Absent proof of different values, the cost to "insure" against the risks is, in essence, nothing more than extra compensation to the employees, in the form of fringe benefits. If the employer were to remove the insurance fringe benefits and, instead, increase wages by an amount equal to the cost of the "insurance," there would clearly be no gender-based discrimination, even though a female employee who wished to purchase disability insurance that covered all risks would have to pay more than would a male employee who purchased identical disability insurance, due to the fact that her insurance had to cover the "extra" disabilities due to pregnancy. While respondents seem to acknowledge that the failure to provide any benefit plan at all would not constitute sex-based discrimination in violation of Title VII, see n. 18, infra, they illogically also suggest that the present scheme does violate Title VII because:
"A female must spend her own money to buy a personal disability policy covering pregnancy disability if she wants to be fully insured against a period of disability without income, whereas a male without extra expenditure is fully insured by GE against every period of disability." Supplemental Brief for Respondents on Reargument 11. Yet, in both cases — the instant case and the case where there is no disability coverage at all — the ultimate result is that a woman who wished to be fully insured would have to pay an incremental amount over her male counterpart due solely to the possibility of pregnancy-related disabilities. Title VII's proscription on discrimination does not, in either case, require the employer to pay that incremental amount. The District Court was wrong in assuming, as it did, 375 F. Supp., at 383, that Title VII's ban on employment discrimination necessarily means that "greater economic benefit[s]" must be required to be paid to one sex or the other because of their differing roles in "the scheme of human existence."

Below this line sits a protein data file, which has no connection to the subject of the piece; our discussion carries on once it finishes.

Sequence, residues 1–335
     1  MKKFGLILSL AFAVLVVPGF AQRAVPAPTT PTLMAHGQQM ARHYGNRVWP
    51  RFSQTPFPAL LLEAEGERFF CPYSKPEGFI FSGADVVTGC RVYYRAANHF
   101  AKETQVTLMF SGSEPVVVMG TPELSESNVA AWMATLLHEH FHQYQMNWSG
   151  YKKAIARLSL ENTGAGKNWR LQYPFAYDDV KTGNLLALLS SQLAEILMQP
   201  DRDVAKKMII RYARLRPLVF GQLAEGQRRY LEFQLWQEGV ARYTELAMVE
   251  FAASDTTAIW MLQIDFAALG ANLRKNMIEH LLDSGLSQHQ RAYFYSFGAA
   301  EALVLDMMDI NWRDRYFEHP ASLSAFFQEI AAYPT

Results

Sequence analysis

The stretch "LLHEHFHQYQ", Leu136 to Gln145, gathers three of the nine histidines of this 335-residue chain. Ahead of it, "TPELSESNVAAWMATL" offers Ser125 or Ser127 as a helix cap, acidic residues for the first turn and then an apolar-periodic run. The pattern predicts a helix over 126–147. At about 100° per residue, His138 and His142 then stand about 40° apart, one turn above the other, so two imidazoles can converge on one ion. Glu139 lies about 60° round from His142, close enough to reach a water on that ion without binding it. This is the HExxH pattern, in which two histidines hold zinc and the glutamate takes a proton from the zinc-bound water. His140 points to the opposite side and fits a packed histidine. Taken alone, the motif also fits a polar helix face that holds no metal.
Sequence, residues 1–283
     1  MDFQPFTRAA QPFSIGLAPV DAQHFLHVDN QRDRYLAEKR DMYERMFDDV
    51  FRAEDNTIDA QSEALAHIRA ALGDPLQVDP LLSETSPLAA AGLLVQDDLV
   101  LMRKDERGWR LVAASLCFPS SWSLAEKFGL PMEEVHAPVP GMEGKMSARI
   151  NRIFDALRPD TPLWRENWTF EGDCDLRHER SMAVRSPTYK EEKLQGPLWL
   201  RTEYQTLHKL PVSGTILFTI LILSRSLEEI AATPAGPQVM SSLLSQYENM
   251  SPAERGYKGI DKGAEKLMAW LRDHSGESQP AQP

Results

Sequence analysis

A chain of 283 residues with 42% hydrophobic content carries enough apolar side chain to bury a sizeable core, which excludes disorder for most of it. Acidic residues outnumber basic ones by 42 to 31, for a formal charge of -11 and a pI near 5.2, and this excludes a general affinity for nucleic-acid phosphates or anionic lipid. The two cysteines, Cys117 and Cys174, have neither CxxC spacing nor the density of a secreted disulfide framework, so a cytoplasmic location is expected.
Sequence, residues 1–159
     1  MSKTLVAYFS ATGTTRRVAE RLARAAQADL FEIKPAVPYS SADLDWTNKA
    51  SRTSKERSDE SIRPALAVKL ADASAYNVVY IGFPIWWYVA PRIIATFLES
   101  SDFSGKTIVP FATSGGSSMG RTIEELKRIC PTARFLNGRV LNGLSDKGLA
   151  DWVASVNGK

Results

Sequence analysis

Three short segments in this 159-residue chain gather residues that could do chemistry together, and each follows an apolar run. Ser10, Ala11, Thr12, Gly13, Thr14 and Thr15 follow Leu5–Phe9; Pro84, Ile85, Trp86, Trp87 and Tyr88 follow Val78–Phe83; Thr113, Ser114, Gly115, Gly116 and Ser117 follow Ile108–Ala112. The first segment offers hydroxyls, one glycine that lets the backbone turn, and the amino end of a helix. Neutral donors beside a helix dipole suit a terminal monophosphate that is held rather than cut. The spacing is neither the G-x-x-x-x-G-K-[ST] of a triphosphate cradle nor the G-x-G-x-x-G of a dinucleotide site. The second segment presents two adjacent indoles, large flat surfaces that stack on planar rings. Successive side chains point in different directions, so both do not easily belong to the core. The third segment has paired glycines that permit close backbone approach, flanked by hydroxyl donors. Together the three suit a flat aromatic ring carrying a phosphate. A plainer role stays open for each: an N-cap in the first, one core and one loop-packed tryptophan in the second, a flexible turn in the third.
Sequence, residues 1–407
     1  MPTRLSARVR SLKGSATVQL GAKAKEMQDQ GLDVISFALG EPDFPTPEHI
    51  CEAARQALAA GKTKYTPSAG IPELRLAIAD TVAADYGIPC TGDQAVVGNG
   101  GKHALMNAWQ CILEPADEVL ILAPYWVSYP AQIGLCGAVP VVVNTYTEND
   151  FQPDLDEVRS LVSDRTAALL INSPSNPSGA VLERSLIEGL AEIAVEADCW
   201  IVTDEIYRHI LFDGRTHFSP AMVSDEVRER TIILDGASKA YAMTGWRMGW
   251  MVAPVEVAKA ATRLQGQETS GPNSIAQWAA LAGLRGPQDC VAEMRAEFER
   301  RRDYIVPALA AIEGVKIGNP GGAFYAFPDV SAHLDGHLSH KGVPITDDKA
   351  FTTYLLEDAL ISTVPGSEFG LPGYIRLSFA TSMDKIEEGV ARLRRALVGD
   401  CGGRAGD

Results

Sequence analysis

Respondents tacitly admit that this situation would not violate Title VII. They acknowledge that "GE had no obligation to establish any fringe benefit program," Brief for Respondents 143. Moreover, the difficulty with their contention that General Electric engaged in impermissible sex discrimination is vividly portrayed in their closing suggestion that "[i]f paying for pregnancy discriminates within the sphere of classification by sex, so does the failure to pay," Response of Respondents to Reply Brief for Petitioner on Reargument 7. As that statement, and its converse, indicate, perceiving the issue in terms of "sex discrimination" quickly places resolution of this issue into a no-win situation. See also Supplemental Brief for Respondents on Reargument 59 ("[W]e believe that imposing on employees either unequal costs when benefits are equal or unequal benefits when costs are equal violates the right of each individual employee to be treated equally with each individual employee of the opposite sex . . ."). Troublesome interpretative problems such as this reinforce our belief that Congress, in prohibiting sex-based discrimination in Title VII, did not intend to depart from the longstanding meaning of "discrimination," cf. Jefferson v. Hackney, 406 U.S. 535, 548-549 (1972).